A fire happens in your building. You get out all right, but your home and all your personal property is damaged. What happens next?
The San Francisco Rent Ordinance mandates that the landlord allow a tenant to reoccupy her home after repairs have been made. Unfortunately, it does not allow for payments from the landlord to the tenant in the event of a fire. But the tenant has a right to return to her home after repairs.
What if the landlord refuses to timely make repairs? When can the tenant declare a constructive eviction and sue? After a fire, you should send the landlord your address, e-mail address and your telephone number. In the event you may be moving from place to place while waiting for the building to be repaired, send the landlord the name and address of a relative who knows where to contact you. You can check on the Department of Building Inspection website to see if permits have been issued and periodically go by the building to see if repairs are being made. If no repairs have been begun within six months, you should consult an attorney about your rights.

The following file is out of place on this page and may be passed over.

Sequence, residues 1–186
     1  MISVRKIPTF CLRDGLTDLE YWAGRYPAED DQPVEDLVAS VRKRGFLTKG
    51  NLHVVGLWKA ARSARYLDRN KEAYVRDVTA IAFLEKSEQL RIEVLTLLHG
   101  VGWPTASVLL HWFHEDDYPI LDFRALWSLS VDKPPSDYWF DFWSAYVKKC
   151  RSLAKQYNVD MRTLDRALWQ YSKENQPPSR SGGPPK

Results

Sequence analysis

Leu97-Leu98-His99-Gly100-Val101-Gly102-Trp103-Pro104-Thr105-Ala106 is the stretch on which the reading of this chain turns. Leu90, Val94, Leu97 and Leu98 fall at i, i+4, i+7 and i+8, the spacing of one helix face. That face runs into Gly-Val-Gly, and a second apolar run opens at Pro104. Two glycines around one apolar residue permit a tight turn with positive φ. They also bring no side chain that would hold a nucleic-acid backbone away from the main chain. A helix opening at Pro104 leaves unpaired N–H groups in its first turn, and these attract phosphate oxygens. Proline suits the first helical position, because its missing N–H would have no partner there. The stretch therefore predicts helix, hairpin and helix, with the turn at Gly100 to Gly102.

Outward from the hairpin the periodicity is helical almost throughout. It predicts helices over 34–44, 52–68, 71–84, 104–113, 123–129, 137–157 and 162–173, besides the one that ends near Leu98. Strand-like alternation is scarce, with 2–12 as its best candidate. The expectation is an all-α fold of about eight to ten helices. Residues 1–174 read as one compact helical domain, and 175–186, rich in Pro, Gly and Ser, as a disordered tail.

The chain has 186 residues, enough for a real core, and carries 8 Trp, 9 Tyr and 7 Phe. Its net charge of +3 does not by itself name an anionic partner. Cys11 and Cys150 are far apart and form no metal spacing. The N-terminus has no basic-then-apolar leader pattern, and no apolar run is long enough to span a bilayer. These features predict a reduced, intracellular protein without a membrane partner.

In one case, the landlord failed to repair, among other items, electrical wiring after he had been cited by the San Francisco Department of Building Inspection. After the fire, it was discovered the extinguishers had not worked because they were old, the exits were blocked by junk, and the fire alarm system did not work because of the defective electrical system. Luckily, no one died. The landlord then refused to make repairs to the building. The tenants sued for constructive eviction and settled for a large sum.